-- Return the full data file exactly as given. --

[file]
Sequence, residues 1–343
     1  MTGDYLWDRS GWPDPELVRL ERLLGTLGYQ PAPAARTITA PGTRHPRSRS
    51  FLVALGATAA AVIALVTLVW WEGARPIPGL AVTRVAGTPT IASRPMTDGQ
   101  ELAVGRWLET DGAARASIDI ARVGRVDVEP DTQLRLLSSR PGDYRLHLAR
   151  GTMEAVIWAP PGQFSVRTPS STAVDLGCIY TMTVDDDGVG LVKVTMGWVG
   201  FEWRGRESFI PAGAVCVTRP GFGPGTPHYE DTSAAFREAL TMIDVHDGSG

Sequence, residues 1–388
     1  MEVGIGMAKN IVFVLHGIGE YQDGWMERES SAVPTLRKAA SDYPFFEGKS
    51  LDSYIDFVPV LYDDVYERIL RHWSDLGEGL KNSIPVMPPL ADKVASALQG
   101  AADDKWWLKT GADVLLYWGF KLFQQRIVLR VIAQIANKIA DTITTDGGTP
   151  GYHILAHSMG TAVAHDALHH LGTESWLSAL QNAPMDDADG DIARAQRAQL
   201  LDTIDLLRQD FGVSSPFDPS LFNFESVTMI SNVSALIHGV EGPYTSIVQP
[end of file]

Sequence, residues 1–343
     1  MTGDYLWDRS GWPDPELVRL ERLLGTLGYQ PAPAARTITA PGTRHPRSRS
    51  FLVALGATAA AVIALVTLVW WEGARPIPGL AVTRVAGTPT IASRPMTDGQ
   101  ELAVGRWLET DGAARASIDI ARVGRVDVEP DTQLRLLSSR PGDYRLHLAR
   151  GTMEAVIWAP PGQFSVRTPS STAVDLGCIY TMTVDDDGVG LVKVTMGWVG
   201  FEWRGRESFI PAGAVCVTRP GFGPGTPHYE DTSAAFREAL TMIDVHDGSG

Sequence, residues 1–388
     1  MEVGIGMAKN IVFVLHGIGE YQDGWMERES SAVPTLRKAA SDYPFFEGKS
    51  LDSYIDFVPV LYDDVYERIL RHWSDLGEGL KNSIPVMPPL ADKVASALQG
   101  AADDKWWLKT GADVLLYWGF KLFQQRIVLR VIAQIANKIA DTITTDGGTP
   151  GYHILAHSMG TAVAHDALHH LGTESWLSAL QNAPMDDADG DIARAQRAQL
   201  LDTIDLLRQD FGVSSPFDPS LFNFESVTMI SNVSALIHGV EGPYTSIVQP